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Bob Swarup and Dario Perkins look at the latest developments in the euro-zone crisis and warn that while history doesn’t repeat itself, it does rhyme.

Denial – anger – acceptance. There has certainly been no shortage of denials from European leaders about the danger and futility of the last two years of failed austerity policies. And every day across their populace, the anger spreads a little. But on the evidence of the PR disaster of the tax on Cypriot deposits, acceptance is still some way off.

This is alarming because Europe has already tried to deal with one debt crisis using austerity and it didn’t work. As the euro crisis enters its fourth year, the parallels between the European austerity of today and the post First World War reparations fiasco are striking. This crisis may not end in political nihilism but it could end with radicalism fit for the time, with electorates and politicians that turn their backs on Europe.

After the First World War, Germany was in a precarious financial position. It financed the war by borrowing and when defeated, had to pay massive reparations to the Allies (some 260% of German GDP). These were at least partly driven by the Allies’ need to repay their own heavy borrowings from the US. The economist John Maynard Keynes – part of the British delegation at the Treaty of Versailles in 1919 – resigned in frustration and published his polemic The Economic Consequences of the Peace. In it, he argued that the punitive damages being sought and the inflexible attitudes towards war debts would destabilise European economies and culminate in another war. He was right. During the 1920s, the refusal by all parties to forgive German and inter-Allied war debts led to a series of German economic disasters: hyperinflation in 1922-3, a private credit bubble in 1925-8, and austerity coupled with mass unemployment after 1928.

The situation is conceptually similar today: a host of ‘bad countries’ required to make good on their debts combined with the crippling effects of a fixed currency mechanism, resulting in enforced austerity. The irony is that the positions of the main players have been reversed.

Europe’s politicians of 2013 think their crisis is over. The European Central Bank has unveiled its monetary arsenal and reassured financial markets that no country will be forced out of the euro. European leaders hope they can stabilise their economies, reignite growth (through some as yet unspecified mechanism) and rediscover the mantra of harmony and integration.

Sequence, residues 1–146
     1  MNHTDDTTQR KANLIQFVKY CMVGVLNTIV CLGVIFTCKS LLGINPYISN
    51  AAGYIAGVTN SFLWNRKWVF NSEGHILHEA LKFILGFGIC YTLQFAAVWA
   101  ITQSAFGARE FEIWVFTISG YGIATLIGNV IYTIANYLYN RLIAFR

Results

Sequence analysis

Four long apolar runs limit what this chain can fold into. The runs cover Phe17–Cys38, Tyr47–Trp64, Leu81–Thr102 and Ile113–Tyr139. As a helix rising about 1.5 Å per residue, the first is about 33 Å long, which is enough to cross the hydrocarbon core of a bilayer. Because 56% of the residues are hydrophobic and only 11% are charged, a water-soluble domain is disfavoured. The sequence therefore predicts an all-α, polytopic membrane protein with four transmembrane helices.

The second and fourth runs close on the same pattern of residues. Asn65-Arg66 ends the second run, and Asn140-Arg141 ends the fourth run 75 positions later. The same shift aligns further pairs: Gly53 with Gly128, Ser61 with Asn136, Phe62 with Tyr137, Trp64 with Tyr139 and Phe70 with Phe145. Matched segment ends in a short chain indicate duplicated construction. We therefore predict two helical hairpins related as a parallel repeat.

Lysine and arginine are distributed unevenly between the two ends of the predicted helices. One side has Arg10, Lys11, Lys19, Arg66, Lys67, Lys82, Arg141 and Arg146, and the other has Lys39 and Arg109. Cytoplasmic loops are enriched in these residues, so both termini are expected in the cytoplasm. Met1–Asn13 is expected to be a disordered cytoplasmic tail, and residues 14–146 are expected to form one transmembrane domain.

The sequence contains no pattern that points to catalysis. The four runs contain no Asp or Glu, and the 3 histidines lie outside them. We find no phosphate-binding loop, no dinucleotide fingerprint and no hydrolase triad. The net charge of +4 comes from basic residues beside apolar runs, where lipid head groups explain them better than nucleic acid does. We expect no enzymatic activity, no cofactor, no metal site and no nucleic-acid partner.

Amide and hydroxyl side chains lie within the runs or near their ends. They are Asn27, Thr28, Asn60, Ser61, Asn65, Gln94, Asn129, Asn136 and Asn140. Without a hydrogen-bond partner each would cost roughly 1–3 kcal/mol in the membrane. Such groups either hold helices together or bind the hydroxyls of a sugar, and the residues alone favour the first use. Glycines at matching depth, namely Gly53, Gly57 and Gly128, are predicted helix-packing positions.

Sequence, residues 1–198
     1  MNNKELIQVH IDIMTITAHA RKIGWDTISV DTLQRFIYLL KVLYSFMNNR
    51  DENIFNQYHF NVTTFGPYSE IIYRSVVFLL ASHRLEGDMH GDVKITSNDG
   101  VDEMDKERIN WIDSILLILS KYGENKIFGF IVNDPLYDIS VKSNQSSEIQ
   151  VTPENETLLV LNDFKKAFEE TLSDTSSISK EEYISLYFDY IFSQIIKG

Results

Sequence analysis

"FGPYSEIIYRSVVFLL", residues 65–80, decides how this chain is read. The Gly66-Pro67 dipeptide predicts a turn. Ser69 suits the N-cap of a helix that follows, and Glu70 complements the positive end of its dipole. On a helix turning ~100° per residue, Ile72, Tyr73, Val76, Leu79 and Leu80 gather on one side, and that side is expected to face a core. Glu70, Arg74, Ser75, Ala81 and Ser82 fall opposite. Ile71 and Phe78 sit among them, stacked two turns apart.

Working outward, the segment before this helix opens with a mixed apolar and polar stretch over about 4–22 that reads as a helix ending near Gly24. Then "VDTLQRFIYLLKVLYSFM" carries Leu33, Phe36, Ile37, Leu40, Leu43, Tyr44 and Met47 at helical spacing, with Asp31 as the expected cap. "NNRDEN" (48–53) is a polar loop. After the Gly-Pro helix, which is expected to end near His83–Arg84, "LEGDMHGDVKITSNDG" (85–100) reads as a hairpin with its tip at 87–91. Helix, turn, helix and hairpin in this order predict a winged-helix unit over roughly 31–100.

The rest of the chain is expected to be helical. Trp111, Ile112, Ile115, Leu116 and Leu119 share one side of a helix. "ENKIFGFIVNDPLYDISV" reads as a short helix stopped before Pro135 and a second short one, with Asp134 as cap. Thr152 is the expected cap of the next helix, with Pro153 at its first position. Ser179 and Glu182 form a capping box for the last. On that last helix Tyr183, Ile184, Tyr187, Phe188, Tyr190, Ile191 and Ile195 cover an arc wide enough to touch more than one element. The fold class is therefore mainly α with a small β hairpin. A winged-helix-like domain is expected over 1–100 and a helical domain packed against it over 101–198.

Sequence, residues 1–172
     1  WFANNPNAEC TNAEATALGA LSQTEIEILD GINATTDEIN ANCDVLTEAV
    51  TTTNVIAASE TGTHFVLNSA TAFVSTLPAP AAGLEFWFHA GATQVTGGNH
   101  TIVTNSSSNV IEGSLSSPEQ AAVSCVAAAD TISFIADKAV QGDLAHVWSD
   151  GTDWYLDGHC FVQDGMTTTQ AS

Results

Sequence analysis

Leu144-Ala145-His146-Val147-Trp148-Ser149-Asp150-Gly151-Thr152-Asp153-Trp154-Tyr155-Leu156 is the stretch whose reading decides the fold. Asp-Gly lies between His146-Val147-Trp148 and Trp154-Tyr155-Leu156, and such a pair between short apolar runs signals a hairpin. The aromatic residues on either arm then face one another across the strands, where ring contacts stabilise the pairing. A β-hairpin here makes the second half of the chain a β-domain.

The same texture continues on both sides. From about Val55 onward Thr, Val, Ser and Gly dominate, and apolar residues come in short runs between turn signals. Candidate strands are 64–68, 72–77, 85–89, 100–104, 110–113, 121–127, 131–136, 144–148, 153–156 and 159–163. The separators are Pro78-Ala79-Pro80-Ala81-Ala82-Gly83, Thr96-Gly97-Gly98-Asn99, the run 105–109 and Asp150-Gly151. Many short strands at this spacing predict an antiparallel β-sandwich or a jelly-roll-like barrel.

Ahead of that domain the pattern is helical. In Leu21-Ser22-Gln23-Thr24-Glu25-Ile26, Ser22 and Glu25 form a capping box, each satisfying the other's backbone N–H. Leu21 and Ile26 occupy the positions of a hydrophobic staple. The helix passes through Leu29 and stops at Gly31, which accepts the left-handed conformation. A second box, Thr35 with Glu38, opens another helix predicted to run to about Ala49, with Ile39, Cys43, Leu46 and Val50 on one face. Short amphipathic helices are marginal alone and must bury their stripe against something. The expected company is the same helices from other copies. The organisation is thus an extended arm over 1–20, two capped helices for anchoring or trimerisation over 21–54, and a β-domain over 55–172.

But hope is not a strategy by itself. Today, Europe finds itself again on a path of national divergence as differing domestic conditions and priorities overwhelm any nascent European identity. As politicians ‘muddle through’ without a comprehensive plan – pursuing austerity policies that actually harm economic growth – much of the region will remain mired in depression. In countries such as Spain or Greece, a quarter of the workforce is unemployed and more than half of school-leavers are out of work. A ‘lost decade’ in Europe cannot be sustained without creating severe social tensions. The European experience of the 1920s and 1930s shows that such dynamics are not politically or socially feasible. Unless current policies change, voters in the euro-zone’s most indebted countries will eventually again embrace populist fringe elements and reject the euro.

The lessons of the past undoubtedly point to the inevitability of much larger debt write-offs for both sovereigns and banks. Europe must be realistic about how much debt its ‘periphery’ can handle and write down the rest.

Europe needs its own Brady bond plan. The Latin American debt restructuring of the 1980s led by the US is a useful lesson in resolving unsustainable sovereign debts. The Brady bonds issued were a mixture of reduced principal and reduced coupon instruments, with various guarantees and call options embedded within them. This allowed creditors – public and private – to restructure to their preference while also providing debt forgiveness.
The restructuring must be Europe-wide in scope and all the core countries – notably Germany – must support it. Market confidence will only return if investors see a strong set of sovereigns (including international bodies such as the IMF) supporting the scheme. Monetary stimulus in the short term and structural reform in the longer term are critical to nurturing and restoring sustainability. The holders of the new debt will only have faith to the extent that they can see tangible prospects for growth and repayment.

The EU won the 2012 Nobel Peace Prize for its efforts in reuniting Europe. But unless it arrests this unveiling tragedy of small decisions, that award will prove premature. In the 1920s, five Nobel Peace prizes were shared between eight people for policies that neither solved the debt crisis nor created lasting peace in Europe. It is a discordant melody few would care to hum today.

Bob Swarup is a principal at Camdor Global, and the author of a forthcoming book on financial crises from Bloomsbury Press. Dario Perkins is a senior economist at Lombard Street Research and a former adviser to the UK Treasury

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